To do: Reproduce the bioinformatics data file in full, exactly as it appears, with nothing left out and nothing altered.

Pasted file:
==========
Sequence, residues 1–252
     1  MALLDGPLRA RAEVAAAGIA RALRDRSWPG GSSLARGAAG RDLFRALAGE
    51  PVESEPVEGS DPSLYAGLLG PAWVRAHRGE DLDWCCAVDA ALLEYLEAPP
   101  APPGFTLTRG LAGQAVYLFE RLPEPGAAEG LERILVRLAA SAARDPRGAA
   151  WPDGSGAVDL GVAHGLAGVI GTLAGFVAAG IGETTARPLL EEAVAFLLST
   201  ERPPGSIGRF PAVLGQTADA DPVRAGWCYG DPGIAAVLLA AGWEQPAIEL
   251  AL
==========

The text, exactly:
Sequence, residues 1–252
     1  MALLDGPLRA RAEVAAAGIA RALRDRSWPG GSSLARGAAG RDLFRALAGE
    51  PVESEPVEGS DPSLYAGLLG PAWVRAHRGE DLDWCCAVDA ALLEYLEAPP
   101  APPGFTLTRG LAGQAVYLFE RLPEPGAAEG LERILVRLAA SAARDPRGAA
   151  WPDGSGAVDL GVAHGLAGVI GTLAGFVAAG IGETTARPLL EEAVAFLLST
   201  ERPPGSIGRF PAVLGQTADA DPVRAGWCYG DPGIAAVLLA AGWEQPAIEL
   251  AL